Getting help isn’t giving up. It’s the start of moving forward.
There is a way to get through crisis and transition and actually come out stronger.
One of our favourite sayings is “Diamonds are created under pressure” which means, even though what you’re going through is incredibly difficult, it can be your greatest opportunity for growth and empowerment.
It’s a time to learn deep lessons, discover your strengths and gain a new perspective.
Contact us to try a confidential therapy or coaching session.
We’ll journey together and create a space for you to work on yourself and your situation in a safe and non-judgemental way.
Mental Toughness Coaching
Learn the techniques used by top sports and business people to handle all that life and work throws at you.
From exam stress management to emotional freedom and relaxation, we have workshops for all ages.
Hi, I’m Camellia Wong, co-founder, Registered Psychologist behind InPsychful and member of Singapore Psychological Society.
I’m glad you’re here and exploring how emotional resilience and therapy can work for you.
As a psychologist, I have worked with people going through all types of difficult life transitions. I’m particularly passionate about sensitive issues – domestic violence, sexual identity, crisis, and helping international students and expats adjust to their new environment.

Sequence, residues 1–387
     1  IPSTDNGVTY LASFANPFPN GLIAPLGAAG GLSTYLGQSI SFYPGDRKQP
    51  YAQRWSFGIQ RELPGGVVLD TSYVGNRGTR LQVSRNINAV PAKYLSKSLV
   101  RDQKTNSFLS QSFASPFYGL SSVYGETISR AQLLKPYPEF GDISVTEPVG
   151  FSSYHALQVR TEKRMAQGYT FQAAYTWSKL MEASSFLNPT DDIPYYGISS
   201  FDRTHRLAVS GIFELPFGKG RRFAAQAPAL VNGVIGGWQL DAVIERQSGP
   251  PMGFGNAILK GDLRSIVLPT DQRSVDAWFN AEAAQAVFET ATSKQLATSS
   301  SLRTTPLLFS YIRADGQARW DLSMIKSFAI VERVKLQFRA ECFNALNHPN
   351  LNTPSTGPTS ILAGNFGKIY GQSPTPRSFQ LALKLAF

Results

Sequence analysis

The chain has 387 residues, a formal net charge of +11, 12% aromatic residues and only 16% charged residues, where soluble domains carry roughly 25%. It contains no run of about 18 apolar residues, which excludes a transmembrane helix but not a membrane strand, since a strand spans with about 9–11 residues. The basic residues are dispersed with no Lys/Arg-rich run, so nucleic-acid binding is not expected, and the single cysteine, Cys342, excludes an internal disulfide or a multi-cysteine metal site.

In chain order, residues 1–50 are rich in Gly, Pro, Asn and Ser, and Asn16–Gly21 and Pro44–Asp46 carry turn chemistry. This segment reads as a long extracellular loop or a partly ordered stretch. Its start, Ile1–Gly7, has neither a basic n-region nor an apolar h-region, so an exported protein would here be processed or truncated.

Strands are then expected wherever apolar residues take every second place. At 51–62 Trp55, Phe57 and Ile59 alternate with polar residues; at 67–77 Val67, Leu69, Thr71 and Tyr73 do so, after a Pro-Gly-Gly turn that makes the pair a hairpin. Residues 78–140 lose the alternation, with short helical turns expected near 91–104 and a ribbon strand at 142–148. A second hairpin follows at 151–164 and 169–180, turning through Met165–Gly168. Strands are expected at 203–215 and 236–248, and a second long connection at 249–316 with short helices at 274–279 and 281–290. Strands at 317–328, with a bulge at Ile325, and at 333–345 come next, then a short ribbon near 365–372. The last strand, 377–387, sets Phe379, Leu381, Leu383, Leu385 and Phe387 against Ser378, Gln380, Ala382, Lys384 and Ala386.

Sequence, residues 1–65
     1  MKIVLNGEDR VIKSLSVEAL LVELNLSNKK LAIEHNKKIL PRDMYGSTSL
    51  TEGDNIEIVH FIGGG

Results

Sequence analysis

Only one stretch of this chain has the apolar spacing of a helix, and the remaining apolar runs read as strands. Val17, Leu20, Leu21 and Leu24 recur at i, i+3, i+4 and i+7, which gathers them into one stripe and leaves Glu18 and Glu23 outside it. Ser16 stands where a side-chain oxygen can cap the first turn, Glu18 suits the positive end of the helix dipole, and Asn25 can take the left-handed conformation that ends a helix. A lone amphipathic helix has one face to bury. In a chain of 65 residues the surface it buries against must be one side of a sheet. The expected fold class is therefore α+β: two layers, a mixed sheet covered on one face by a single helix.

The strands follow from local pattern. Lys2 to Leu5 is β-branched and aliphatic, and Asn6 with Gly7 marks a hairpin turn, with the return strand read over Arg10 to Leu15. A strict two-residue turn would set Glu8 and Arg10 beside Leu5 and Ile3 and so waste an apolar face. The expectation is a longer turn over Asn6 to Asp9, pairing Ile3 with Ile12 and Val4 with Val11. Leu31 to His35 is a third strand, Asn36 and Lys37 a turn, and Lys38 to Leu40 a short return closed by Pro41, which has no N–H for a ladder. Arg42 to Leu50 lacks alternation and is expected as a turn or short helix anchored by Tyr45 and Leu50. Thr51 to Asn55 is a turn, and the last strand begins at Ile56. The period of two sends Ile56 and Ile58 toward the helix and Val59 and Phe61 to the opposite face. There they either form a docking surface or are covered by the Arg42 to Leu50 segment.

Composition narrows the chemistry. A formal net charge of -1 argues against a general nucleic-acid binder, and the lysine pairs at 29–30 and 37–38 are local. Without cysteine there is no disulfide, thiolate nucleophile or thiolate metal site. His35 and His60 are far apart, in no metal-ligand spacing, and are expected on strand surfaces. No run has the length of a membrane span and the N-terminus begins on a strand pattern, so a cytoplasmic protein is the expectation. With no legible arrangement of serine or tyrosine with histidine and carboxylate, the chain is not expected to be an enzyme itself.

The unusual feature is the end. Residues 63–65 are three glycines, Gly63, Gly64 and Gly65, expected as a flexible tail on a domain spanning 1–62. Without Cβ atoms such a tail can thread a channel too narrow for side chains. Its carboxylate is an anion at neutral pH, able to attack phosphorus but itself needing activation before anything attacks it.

My background as a Forensic Psychologist has allowed me to work with troubled youth and offenders struggling within the Singapore legal system. Over the years I’ve learned that everyone has their side to the story and the ability to transform their situation.
You are no different.
Whatever you are going through can be transformed.
Please don’t struggle alone. We can help.
My Influences and Story
Having grown up in Singapore, I understand what it’s like to succumb to pressure and labels. I was placed in EM3 in primary school and Normal Academic in secondary school. If you grew up outside of Singapore, these groups are for students who do poorly on their early exams. Once you’re in them, people assume you’re going nowhere in life. The undercurrent message is: “You’re a lousy student. You’re stupid and useless”.
Fortunately, I had a kind and devoted teacher who supported both my academic journey and personal endeavours. She taught me to see everyone as an individual, without judgement. By withholding judgement, we allow people to grow beyond our expectations.
When I pursued my Master’s Degree in Forensic Psychology in the USA, I saw first-hand how international students struggle to adapt to new cultures and customs, and I began working with people dealing with loneliness and displacement.
Culture shock and expatriation is a common issue, particularly in Singapore where we have a large international and expat community. Paired with our high-pressure society, I believe now more than ever we need to talk about emotional wellness and make psychological services readily available.